Jean Burgess’ study of ‘vernacular creativity’ and ‘cultural citizenship’ in Flickr <ul><li>Burgess studied an Australian Brisbanites group within Flickr </li></ul>
Flickr user ‘Pizzodisevo’ scanned images of old slides of Brisbane in the 1950s and 1960s
‘ What was really interesting to me was that the connections made between users as part of this discussion resulted in one Brisbane-based member of the Brisbanite groups spontaneously creating a kind of game around the images : he began going out specifically to capture images of the same locations as in the old slides, and uploading them to his own Flickr photostream’ Jean Burgess quoted in Jenkins (2007)
Pizzodesevo then combined some of these new images side by side with the old ones in a series of double images. The simple act of combining them revealed some of the dramatic changes to the Brisbane cityscape that have occurred over the past few decades. This led in turn to more discussion about the ways in which the city has changed, blended with nostalgia for a past that many of the discussants had never experienced themselves.
Burgess on ‘vernacular creativity’ and ‘cultural citizenship’ <ul><li>Burgess sees this kind of activity within Flickr as examples of vernacular creativity and cultural citizenship </li></ul>
<ul><li>Vernacular creativity </li></ul><ul><ul><li>‘ everyday creative practices like storytelling, family photographing, scrapbooking, journaling and so on that pre-exist the digital age and yet are co-evolving with digital technologies and networks in really interesting ways. So the documentation of everyday life and the public sharing of that documentation, as in sharing photos on Flickr, or autobiographical blogging; these are forms of vernacular creativity, remediated in digital contexts’ Burgess quoted in Jenkins (2006). </li></ul></ul><ul><li>Cultural citizenship </li></ul><ul><ul><li>‘ Where participatory media opens up space for us, as ordinary citizens, to speak and represent ourselves and our ways of being in the world, and to encounter difference, then it’s also a space for the everyday practice of cultural citizenship’ Burgess quoted in Jenkins (2007 ) </li></ul></ul>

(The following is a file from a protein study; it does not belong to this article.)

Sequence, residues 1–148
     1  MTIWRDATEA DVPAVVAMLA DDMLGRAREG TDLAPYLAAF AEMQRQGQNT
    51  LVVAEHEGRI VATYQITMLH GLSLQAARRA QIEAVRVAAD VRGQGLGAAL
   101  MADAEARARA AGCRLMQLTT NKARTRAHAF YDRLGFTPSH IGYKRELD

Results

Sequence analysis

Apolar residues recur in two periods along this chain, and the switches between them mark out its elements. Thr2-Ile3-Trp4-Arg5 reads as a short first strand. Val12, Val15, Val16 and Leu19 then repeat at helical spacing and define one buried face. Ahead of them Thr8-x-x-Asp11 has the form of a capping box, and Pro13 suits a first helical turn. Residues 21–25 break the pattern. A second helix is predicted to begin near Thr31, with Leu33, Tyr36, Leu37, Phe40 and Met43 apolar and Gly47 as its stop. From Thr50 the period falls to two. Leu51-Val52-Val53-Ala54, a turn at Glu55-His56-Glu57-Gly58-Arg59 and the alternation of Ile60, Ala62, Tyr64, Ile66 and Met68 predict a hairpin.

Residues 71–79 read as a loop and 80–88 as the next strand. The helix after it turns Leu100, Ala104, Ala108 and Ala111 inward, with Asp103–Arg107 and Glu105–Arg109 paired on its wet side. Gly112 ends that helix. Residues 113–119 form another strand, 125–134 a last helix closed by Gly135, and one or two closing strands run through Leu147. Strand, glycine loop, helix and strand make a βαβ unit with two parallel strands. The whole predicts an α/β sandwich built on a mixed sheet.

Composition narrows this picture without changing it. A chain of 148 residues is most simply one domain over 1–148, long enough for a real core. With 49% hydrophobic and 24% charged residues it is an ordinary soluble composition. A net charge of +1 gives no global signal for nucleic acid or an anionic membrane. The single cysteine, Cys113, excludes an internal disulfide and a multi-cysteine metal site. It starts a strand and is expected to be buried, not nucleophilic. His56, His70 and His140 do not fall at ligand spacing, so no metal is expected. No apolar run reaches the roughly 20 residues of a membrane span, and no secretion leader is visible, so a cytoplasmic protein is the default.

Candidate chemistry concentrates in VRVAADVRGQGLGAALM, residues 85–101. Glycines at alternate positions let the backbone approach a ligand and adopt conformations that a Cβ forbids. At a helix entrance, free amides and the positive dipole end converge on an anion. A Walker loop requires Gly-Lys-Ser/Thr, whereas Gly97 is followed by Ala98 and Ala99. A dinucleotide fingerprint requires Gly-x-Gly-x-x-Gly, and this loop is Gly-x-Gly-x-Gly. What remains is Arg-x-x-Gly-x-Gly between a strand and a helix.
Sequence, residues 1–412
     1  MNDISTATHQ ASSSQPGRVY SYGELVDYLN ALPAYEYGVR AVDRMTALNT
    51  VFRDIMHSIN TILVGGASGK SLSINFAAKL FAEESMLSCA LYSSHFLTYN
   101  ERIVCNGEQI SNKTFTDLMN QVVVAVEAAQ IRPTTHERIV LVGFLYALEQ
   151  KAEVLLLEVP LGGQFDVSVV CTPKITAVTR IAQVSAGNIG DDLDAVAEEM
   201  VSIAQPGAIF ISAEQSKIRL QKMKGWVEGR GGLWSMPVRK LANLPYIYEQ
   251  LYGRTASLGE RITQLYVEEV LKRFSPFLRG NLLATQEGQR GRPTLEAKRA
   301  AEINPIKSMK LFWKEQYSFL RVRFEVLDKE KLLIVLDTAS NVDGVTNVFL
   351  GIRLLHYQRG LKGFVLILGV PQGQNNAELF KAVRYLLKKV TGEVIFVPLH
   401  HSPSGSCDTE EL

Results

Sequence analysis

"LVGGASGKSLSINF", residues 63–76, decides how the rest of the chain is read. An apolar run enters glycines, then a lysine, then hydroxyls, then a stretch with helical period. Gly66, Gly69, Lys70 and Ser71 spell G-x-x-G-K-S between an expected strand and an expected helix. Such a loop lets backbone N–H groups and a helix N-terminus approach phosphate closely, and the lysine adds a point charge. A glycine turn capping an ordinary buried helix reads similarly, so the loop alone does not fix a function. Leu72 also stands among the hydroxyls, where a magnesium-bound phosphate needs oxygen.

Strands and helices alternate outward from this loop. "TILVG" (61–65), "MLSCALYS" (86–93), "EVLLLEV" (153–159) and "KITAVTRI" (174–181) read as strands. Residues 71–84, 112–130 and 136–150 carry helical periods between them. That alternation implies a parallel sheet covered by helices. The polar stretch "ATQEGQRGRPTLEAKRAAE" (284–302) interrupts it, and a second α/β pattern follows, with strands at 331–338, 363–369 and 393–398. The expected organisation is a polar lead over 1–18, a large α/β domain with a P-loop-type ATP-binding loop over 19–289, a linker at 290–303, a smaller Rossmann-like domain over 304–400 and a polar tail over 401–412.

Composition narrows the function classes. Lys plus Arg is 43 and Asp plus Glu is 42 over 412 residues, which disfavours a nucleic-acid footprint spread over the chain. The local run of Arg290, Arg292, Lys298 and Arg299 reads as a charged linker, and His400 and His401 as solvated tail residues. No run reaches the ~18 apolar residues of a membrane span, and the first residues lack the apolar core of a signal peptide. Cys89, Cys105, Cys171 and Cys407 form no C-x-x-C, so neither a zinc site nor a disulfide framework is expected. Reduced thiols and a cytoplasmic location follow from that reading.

‘ The simple act of combining them [the images] revealed some of the dramatic changes to the Brisbane cityscape that have occurred over the past few decades. This led in turn to more discussion about the ways in which the city has changed, blended with nostalgia for a past that many of the discussants had never experienced themselves. So there on a microscopic level you have vernacular creativity , remediation , social networking , and civic engagement threaded back and forth and adding up to something much more than just sharing photos. (Burgess quoted in Jenkins (2007)
Questions <ul><li>What do people need to know how to do to take part in social media such as Flickr ? </li></ul><ul><li>How do they learn what to do? </li></ul><ul><li>Who are the users who will be competent and fulfilled by their participation? </li></ul><ul><li>Where does the creativity and literacy of social media originate? </li></ul><ul><li>Will participation media culture become a significant cultural activity alongside traditional media? </li></ul>
Bibliography <ul><li>Burgess, J. (2006) Vernacular Creativity, Cultural Participation and New Media Literacy: Photography and the Flickr Network [WWW] Available at http://eprints.qut.edu.au/archive/00007828/01/7828.pdf (Accessed 28 October 2008). </li></ul><ul><li>Jenkins, H. (2007) “Vernacular Creativity”: An Interview with Jean Burgess (Part One) [WWW] Available at http://www.henryjenkins.org/2007/10/vernacular_creativity_an_inter.html (Accessed 28 October 2008). </li></ul><ul><li>Koman, R. (2005) Stuart Butterfield on Flickr [WWW] Available at http://www.oreillynet.com/pub/a/network/2005/02/04/sb_flckr.html (Accessed 28 October 2008). </li></ul>